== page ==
When I became a young man I desired to be dad. Something in me wanted to impart life-giving truths to the next generation. I wanted someone on my shoulders seeing farther than I did. I however, never anticipated the moment I would find myself upon a hill in our family forest, digging a grave. I dug and chopped through frost and root-laden soil to bury our long-time family friend, our golden retriever, Montana.
I have presided over the funerals of those who have experienced far greater loss than this, yet I never had to dig their grave. Digging a grave is a slow and tedious process. It painfully allows one to think and remember and grieve and work at the same time. One shovel-full at a time.
Montana helped raise my children. She protected them while allowing them to ride her, poke her, and sometimes drag her through life. She partnered with them while they practiced leadership, compassion, and perseverance. Even though she was the dog, it seemed as though she mothered them more and more as they grew older. She celebrated every birthday with her barking song and watched over our property like a vigilant sentry.
As our family saw the day of her departure growing close, each of us had a chance to say our goodbyes. But I had to dig the hole. I guess that’s what dads do. As I did, the sun shone brightly pushing away the cold of winter and creating stark shadows in our forest. All of this came together to highlight the goodness I have experienced in my life. For the shadows prove the light. The graves prove the soil.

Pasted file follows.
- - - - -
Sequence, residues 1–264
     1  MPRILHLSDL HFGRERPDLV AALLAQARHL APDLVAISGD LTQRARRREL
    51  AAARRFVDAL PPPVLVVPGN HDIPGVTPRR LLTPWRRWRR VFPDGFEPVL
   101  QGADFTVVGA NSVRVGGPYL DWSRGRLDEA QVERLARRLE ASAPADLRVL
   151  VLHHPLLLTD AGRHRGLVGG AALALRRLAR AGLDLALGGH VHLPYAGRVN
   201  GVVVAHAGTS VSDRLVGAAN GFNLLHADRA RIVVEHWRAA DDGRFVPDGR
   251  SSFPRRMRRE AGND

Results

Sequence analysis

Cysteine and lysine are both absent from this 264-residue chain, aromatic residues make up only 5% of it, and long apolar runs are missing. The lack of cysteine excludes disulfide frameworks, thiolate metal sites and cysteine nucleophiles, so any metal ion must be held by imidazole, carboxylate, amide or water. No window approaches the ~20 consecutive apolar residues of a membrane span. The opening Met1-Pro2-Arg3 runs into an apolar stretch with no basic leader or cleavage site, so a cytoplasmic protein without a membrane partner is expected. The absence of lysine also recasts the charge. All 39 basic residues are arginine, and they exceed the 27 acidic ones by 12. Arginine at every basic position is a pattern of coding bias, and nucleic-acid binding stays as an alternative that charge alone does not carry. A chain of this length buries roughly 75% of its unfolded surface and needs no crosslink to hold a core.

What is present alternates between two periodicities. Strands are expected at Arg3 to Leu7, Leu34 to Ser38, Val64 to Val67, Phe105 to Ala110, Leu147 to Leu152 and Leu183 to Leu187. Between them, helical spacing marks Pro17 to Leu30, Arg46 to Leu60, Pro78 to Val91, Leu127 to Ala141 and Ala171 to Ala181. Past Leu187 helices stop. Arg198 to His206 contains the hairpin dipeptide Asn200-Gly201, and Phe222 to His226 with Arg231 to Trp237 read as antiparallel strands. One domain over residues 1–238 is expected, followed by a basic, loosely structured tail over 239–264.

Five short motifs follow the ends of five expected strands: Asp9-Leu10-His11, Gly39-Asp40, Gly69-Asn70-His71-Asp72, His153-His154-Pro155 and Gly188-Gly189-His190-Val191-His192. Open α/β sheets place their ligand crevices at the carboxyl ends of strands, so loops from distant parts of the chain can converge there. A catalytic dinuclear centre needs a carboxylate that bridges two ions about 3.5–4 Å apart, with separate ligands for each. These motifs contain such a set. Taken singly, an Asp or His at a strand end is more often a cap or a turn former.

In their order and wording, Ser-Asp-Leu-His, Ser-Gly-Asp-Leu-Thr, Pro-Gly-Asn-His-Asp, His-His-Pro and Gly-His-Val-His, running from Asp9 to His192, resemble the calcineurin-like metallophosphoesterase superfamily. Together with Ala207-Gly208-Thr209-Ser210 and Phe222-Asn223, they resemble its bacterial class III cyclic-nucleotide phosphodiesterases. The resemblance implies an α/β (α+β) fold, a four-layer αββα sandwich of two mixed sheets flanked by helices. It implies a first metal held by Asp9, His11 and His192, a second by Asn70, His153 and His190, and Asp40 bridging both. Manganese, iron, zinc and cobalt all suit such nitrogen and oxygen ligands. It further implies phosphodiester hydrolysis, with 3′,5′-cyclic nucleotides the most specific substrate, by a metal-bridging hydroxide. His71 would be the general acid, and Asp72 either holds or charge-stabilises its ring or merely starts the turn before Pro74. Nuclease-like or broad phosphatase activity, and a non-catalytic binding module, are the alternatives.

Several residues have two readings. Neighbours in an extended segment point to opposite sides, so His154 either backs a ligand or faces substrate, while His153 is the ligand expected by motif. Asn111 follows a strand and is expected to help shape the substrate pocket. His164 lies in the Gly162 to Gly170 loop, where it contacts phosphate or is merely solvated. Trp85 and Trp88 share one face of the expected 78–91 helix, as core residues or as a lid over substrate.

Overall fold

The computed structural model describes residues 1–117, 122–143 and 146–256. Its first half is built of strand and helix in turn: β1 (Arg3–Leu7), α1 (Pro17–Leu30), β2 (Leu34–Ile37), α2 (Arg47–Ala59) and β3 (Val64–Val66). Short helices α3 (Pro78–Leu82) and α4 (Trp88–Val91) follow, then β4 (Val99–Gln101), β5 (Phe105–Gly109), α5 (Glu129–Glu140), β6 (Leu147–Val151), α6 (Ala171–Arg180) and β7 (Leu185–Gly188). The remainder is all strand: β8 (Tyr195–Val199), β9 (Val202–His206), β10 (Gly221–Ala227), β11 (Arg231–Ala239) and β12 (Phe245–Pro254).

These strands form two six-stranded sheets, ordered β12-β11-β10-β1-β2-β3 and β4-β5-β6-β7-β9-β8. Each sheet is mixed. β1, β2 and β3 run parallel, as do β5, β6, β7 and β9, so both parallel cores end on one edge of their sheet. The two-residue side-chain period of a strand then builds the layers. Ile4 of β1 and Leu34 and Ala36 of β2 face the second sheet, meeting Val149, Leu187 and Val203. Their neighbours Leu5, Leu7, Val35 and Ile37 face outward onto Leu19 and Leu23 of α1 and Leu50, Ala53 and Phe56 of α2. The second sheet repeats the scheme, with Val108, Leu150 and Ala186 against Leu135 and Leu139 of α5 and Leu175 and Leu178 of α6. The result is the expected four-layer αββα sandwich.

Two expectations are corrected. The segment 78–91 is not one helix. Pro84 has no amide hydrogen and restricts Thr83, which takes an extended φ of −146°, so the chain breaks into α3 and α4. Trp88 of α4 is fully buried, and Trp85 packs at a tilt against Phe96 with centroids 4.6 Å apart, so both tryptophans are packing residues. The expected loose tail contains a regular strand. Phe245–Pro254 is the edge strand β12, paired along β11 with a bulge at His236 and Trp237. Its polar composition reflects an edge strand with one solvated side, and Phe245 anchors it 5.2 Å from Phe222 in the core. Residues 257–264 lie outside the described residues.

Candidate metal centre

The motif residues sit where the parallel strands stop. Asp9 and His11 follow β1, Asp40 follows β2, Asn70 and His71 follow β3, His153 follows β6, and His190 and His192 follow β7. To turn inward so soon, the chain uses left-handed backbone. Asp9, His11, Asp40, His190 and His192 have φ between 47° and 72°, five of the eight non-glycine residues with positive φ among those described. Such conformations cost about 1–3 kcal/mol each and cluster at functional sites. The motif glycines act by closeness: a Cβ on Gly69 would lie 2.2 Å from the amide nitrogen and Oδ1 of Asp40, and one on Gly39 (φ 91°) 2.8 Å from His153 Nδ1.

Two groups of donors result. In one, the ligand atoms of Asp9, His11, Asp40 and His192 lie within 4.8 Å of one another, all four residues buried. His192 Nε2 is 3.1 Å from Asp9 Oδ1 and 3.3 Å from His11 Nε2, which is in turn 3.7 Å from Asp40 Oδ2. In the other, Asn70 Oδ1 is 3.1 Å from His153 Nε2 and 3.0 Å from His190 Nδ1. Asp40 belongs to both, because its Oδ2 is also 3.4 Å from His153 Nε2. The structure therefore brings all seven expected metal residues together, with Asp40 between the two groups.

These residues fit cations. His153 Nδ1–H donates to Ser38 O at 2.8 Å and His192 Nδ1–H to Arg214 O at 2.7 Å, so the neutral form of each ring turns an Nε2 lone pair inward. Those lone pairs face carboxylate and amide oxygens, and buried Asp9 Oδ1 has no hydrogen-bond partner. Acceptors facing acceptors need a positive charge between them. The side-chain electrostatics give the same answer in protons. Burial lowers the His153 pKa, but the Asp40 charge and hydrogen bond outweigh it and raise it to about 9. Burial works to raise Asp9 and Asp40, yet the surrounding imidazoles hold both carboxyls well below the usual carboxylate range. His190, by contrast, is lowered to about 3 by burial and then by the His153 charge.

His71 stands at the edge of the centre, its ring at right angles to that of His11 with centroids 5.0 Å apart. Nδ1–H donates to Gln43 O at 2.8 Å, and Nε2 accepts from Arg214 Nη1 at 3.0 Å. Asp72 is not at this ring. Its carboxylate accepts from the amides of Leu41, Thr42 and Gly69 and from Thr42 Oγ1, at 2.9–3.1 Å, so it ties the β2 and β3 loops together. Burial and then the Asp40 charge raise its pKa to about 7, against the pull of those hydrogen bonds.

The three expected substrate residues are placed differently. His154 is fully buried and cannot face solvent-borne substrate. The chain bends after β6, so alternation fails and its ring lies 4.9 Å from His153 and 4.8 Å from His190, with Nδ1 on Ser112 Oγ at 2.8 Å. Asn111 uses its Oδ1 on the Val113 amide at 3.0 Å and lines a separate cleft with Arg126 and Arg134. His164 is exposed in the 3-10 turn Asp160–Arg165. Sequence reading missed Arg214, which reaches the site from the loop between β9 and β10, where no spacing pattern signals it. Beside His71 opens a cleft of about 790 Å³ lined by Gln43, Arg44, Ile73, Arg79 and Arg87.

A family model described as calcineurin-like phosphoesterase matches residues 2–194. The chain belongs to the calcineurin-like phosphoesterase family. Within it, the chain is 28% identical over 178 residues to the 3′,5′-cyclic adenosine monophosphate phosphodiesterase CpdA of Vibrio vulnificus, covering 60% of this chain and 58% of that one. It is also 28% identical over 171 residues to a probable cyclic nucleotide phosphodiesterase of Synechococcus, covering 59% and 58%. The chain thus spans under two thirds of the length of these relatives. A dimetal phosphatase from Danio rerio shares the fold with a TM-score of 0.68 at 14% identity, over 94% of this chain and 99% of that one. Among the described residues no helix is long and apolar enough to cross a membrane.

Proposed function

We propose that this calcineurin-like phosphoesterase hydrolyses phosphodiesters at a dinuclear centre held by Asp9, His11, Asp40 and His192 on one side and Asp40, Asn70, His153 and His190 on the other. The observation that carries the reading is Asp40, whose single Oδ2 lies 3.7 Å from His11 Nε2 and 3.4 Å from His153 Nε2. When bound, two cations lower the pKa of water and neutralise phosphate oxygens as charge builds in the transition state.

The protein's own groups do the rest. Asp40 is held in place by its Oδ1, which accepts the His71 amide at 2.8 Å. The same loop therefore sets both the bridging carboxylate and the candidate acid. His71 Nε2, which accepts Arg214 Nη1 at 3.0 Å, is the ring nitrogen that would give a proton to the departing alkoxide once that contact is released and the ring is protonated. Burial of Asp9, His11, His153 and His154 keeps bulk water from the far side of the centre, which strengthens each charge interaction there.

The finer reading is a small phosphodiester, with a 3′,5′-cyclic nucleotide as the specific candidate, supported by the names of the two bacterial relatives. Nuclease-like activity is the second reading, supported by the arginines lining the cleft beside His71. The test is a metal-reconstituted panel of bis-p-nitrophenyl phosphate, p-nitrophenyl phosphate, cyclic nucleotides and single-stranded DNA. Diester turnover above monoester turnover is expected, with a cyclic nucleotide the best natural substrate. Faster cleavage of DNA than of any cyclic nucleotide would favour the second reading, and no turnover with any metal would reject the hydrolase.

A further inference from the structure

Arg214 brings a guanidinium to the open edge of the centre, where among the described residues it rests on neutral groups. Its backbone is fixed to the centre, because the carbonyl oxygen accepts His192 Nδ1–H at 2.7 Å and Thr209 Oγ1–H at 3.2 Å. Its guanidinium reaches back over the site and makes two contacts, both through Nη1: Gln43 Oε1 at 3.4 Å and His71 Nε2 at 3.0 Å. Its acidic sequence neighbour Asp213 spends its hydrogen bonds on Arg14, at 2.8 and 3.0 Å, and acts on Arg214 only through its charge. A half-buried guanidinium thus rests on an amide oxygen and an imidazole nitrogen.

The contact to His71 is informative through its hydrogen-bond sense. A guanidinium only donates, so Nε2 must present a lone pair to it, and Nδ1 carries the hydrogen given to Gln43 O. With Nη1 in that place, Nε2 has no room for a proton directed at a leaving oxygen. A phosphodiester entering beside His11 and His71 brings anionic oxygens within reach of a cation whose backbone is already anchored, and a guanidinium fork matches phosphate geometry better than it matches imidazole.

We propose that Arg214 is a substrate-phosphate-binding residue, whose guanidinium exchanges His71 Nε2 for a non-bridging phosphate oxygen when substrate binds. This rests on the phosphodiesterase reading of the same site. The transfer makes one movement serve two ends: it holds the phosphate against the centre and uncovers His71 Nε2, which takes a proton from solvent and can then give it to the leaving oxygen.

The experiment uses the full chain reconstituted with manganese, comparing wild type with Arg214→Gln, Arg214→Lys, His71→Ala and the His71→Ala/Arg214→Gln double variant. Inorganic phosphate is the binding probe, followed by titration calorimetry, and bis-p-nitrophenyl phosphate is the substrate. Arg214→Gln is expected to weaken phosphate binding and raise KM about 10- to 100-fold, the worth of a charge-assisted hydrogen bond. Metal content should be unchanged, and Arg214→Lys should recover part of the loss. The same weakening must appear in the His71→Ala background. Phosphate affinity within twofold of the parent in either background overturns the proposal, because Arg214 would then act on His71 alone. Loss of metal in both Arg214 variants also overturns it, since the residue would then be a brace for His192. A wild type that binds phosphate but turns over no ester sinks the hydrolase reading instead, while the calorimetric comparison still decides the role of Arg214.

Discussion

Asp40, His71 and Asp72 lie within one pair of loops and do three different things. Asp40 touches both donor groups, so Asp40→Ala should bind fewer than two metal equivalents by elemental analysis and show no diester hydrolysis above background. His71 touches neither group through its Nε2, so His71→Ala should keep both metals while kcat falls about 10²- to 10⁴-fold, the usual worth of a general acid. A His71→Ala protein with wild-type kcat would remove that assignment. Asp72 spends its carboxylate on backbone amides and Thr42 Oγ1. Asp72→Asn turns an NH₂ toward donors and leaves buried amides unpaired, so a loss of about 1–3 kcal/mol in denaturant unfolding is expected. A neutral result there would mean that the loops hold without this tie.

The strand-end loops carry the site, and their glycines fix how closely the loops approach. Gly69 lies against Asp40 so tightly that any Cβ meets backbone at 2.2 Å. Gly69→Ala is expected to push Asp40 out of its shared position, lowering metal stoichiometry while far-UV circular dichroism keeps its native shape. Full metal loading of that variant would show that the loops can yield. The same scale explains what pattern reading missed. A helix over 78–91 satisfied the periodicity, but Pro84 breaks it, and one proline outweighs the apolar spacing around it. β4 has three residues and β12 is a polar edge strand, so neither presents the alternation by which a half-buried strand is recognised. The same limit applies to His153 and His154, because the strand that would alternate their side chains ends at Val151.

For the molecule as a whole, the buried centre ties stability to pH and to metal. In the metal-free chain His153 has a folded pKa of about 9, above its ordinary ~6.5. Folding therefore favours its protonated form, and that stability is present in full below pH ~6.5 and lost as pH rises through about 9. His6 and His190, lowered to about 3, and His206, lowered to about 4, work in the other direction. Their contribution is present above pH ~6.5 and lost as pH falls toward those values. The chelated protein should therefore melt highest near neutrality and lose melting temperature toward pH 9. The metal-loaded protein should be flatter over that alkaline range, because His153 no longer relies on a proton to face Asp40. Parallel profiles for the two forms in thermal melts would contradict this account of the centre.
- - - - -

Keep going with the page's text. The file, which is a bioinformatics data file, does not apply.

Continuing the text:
Our family grieved together because we are together. Our family feels the loss, because we experienced the gain of knowing our friend. There is a void because at one time, something good filled it.
The shadows prove the light.
Many look at the sorrows of life and conclude God must not exist. Yet the exact opposite is true. Our pain points to a loss, but we cannot lose something that doesn’t exist. Pain and suffering are a corruption of the good. Without the good, there is no bad. Without the relationship with Tana we experienced as a family, we wouldn’t feel this hurt. Every loss points to something that shouldn’t be; it points to a world that we long to be different. If a good world didn’t exist, we would never long for it.
Every shadow and every grave points us to the loves, beauties, and liberties we have tasted but not fully consummated. Yet the light and the soil point to the truth that one day life will come full circle. Redemption will win. Death will no longer sting; graves will no longer need to be dug.
The famous passage tells us that God so loved the world that He sent His Son to hang on a Roman beam. As He perished, the light of the world grew dim and the sun bowed low in grief and for a moment, there were no shadows.
For the Light had come into the world and He allowed our sin to extinguish it.
But that was not the end of the story! That Light walked out of the grave so that shadows and graves could be redeemed! Our lives now feel the loss, but each loss and each grave points to a Father that triumphed over death, hell and the grave. Jesus is the resurrection and the life and whoever believes in Him shall not perish. Though they may pass through a grave, the grave will have no power over them.
For every father that has had to dig that dreaded hole, or worse, experience even greater loss, I gently remind you to place your heart into the hands of your Heavenly Father. May each tear remind us of a day not so far off where all shadows and graves will become faint scars of a former time.
Until then, Montana, I will dig, and I will love, and I will hurt, and I will do my best to live as an example of a follower of my Redeemer for this and future generations.